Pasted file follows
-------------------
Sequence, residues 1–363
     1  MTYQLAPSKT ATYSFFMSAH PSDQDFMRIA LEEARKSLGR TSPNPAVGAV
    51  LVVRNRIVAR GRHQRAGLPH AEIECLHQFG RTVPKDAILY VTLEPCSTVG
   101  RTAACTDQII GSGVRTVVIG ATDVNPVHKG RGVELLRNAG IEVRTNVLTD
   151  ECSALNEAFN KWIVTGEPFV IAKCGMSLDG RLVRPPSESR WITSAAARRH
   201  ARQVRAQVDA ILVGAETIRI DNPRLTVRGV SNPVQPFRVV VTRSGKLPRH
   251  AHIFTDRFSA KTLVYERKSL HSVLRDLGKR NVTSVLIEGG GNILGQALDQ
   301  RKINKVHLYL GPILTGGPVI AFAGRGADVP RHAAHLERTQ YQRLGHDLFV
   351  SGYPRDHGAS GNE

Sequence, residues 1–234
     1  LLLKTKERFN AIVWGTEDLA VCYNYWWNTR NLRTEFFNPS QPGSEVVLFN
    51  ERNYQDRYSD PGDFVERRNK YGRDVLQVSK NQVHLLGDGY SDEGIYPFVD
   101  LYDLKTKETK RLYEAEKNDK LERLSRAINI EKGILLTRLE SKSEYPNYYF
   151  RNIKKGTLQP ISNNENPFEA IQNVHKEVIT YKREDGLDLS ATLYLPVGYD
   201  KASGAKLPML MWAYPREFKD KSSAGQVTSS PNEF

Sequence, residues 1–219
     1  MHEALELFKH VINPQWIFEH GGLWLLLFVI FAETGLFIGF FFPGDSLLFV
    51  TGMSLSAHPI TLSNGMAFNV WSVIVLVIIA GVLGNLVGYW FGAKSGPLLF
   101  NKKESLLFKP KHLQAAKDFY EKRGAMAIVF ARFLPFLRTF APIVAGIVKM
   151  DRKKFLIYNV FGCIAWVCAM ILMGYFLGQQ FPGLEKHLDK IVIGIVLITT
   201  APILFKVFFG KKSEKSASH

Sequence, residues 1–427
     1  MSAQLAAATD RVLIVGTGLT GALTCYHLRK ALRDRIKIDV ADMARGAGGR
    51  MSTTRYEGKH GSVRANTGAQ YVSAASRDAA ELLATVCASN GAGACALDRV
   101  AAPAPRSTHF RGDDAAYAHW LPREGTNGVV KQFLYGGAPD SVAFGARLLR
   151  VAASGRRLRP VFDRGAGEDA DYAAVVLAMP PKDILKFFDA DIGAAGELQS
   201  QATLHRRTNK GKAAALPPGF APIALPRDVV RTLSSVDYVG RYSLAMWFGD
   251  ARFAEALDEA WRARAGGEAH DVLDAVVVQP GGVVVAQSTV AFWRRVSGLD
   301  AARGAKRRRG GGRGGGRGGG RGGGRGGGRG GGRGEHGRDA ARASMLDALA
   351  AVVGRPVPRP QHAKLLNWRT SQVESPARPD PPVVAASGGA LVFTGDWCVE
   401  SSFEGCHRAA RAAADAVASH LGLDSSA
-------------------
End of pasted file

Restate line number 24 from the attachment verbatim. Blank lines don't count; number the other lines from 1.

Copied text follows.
    51  MSTTRYEGKH GSVRANTGAQ YVSAASRDAA ELLATVCASN GAGACALDRV